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Friday, August 7, 2020

Top Stories > Government

Mamakating holds public hearing for dates of seasonal camps

Jul 30, 2020

By Samantha Montagna  - reporter/photographer

By: SAMANTHA MONTAGNA | DEMOCRAT
Many residents of Catskill Adventure Resort attended the town meeting to speak to the board about dates.
WURTSBORO -- Mamakating held a public hearing during their town board meeting on July 21 for the Local Law for Uniform Date of Operation for Camps.
This local law would affect all camps but specifically affects people who stay at the seasonal vacation camps. Due to Governor Cuomo's COVID-19 regulations, gatherings of over 50 people are not allowed, and the public hearing met the 50-person mark before the meeting even began.
Many people from the local vacation camps, such as Catskill Adventure Resort, came to speak to the board about the dates for seasonal occupancy at these camps. Currently, according to the residents of the camps, the dates for moving in and out were May 1 to October 31, and these dates have been in place for over 30 years. The residents were upset because the local law states the dates are now May 15 to October 15 and will now lose a month of time at the resorts.

However, according to Supervisor Janet Lybolt, the dates are not being changed because those were always the approved dates for occupancy.
Lybolt told the Democrat that she, along with Deputy Supervisor Eileen Rogers and Planning Board Chairman Lorrence Green, have been going through the laws and codes in order to develop codes for short-term rentals including Airbnb's and they found the discrepancy.
With more tourism occurring in the area, Lybolt said “they have to have a handle on this” when it comes to more people opening their homes for Airbnb's and the operation of camps against the codes.
Currently, in the code books, the general camps' dates of operations are May 15 to Oct 15, but under the vacation camps, the dates are not listed specifically even though they fall under general camps, according to Lybolt.
The board decided to hold the public hearing and vote on this local law to have “consistency in codes,” Lybolt said. “Nothing has been changed ... it is a clarification.”
The codes are in place to ensure that the camps are not living on the campgrounds year-round. When the weather starts to get cold, according to Lybolt, the water and sewer lines freeze, and the camps do not have the infrastructure to operate under the guidelines of the Department of Health during the winter months.
Nonetheless, residents of the camps came to the public hearing to find that they had to wait for people to leave to be allowed into the meeting to speak to the board.
One resident of Catskill Adventure Resort, Tammi Gil, asked, “why is this on the agenda” when people have been coming to these resorts for over 30 years adhering to the May 1 to Oct 31 dates?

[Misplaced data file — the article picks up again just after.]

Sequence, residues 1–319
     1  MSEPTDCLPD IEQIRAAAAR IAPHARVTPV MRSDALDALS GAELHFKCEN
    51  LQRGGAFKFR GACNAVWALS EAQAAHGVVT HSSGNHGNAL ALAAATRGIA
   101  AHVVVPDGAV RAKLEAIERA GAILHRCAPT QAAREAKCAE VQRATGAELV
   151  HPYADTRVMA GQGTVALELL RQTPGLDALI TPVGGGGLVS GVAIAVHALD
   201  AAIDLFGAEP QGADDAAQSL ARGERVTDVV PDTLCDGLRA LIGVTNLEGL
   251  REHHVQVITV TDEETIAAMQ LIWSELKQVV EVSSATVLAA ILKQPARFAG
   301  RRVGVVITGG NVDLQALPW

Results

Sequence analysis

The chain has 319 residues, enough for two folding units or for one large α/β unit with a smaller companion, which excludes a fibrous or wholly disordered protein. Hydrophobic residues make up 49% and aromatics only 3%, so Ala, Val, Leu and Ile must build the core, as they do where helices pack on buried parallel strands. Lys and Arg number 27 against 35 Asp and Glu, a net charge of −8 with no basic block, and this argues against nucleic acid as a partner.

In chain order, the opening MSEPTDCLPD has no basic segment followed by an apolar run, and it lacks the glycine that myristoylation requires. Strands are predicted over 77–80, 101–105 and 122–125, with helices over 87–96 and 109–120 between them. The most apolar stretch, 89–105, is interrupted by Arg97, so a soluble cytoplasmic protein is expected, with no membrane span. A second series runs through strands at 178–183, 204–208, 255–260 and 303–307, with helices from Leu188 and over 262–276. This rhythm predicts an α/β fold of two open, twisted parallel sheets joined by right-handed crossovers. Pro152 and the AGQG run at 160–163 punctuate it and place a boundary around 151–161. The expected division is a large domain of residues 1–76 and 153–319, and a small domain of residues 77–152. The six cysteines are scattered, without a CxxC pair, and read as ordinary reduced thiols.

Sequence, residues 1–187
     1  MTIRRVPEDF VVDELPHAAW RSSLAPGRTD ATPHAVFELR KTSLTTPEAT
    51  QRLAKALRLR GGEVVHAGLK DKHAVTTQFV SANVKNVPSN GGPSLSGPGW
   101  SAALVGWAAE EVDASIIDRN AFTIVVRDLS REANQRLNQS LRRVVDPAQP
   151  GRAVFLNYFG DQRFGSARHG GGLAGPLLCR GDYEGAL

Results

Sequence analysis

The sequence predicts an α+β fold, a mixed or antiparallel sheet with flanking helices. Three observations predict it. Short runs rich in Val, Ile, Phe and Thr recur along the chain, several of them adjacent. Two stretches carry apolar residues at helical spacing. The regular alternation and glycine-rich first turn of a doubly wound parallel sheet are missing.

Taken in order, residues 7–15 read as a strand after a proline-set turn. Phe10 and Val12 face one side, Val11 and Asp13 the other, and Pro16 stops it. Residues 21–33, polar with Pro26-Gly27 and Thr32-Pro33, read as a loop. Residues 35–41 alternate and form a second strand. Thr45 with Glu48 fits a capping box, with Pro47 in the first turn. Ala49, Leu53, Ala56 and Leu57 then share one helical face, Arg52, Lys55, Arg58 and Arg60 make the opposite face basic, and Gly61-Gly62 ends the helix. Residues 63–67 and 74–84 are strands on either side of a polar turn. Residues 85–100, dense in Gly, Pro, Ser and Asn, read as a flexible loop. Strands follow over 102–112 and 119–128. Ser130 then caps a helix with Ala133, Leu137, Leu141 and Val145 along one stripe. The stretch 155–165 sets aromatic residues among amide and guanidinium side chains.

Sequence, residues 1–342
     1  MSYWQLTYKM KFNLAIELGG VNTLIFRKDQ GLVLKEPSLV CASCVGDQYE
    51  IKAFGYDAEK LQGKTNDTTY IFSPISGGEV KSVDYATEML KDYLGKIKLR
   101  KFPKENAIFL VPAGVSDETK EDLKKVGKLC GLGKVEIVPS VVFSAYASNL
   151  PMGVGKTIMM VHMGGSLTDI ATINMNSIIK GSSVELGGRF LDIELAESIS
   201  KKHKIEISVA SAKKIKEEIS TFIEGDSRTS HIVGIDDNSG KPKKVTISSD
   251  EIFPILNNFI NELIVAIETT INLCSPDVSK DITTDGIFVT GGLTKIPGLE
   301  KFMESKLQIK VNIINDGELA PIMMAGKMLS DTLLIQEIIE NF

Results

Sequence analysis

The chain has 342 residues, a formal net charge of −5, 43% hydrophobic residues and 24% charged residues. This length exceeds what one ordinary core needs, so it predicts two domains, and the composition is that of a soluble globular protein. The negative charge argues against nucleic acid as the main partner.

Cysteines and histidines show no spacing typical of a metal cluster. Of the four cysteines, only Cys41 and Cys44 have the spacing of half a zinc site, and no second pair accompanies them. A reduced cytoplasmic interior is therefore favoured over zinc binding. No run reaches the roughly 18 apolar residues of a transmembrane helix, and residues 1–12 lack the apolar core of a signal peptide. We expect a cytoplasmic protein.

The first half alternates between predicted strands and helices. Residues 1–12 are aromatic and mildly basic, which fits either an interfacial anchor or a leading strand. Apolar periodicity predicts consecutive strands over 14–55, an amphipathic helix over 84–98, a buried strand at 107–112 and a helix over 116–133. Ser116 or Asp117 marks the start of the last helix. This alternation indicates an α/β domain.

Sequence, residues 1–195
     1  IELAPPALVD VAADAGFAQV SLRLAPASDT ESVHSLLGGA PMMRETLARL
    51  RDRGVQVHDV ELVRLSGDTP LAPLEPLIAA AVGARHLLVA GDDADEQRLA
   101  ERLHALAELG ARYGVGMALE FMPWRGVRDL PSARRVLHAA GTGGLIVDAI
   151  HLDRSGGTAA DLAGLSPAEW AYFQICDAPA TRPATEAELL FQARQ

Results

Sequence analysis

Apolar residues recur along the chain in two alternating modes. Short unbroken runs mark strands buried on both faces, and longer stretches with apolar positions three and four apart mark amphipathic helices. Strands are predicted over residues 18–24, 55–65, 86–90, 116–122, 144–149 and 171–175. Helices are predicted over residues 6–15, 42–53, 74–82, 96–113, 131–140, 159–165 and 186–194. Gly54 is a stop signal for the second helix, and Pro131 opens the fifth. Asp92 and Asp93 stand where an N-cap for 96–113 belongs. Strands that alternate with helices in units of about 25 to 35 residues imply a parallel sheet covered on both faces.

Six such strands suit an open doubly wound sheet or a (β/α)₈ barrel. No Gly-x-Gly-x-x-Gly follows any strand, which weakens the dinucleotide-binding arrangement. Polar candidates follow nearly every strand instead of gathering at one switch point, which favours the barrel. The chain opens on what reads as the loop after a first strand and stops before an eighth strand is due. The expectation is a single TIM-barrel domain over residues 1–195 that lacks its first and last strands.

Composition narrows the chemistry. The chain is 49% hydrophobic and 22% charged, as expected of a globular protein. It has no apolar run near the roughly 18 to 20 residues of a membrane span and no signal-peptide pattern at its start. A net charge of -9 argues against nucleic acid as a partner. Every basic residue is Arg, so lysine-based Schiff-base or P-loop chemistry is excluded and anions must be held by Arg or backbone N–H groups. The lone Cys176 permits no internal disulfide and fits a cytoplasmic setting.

Gil, who did have the opportunity to speak to the board at the end of the meeting, told them that the camps have a “family atmosphere” where they “teach kids to respect one another.”
She stated that the campers have not harmed anyone, and they just want to celebrate the outdoors with their families. In addition, she made the point that the residents of these camps stimulate the local economy by going to local restaurants and shops. The date change for the residents hits them especially hard this year, according to Gil, because of the pandemic. The camps could not open until Cuomo's guidelines were met on May 30.
Gil's speech was met with a large round of applause from the other residents of the park. After listening to the residents, the board decided not to take action on the local law.
Councilman Tom Morrow stated that “the dates should reflect what people want.” The board will likely revisit the issue at the next board meeting on August 3.
One resident asked at the end of the meeting about the COVID regulations. Since members of the public were not able to hear the entire meeting, the resident asked if the board would consider going back to using Zoom or incorporate other types of media to accommodate everyone.
Supervisor Lybolt later told the Democrat that as long as Mamakating is in Phase 4 and is allowed to have gatherings of 50 people, the meetings will remain public.
The Zoom option is problematic as well, according to Lybolt, because many people do not have access to Zoom or the internet. Lybolt stated that she wanted everyone to be able to attend and that the board was taking proper precautions to ensure social distancing and proper sanitizing procedures.


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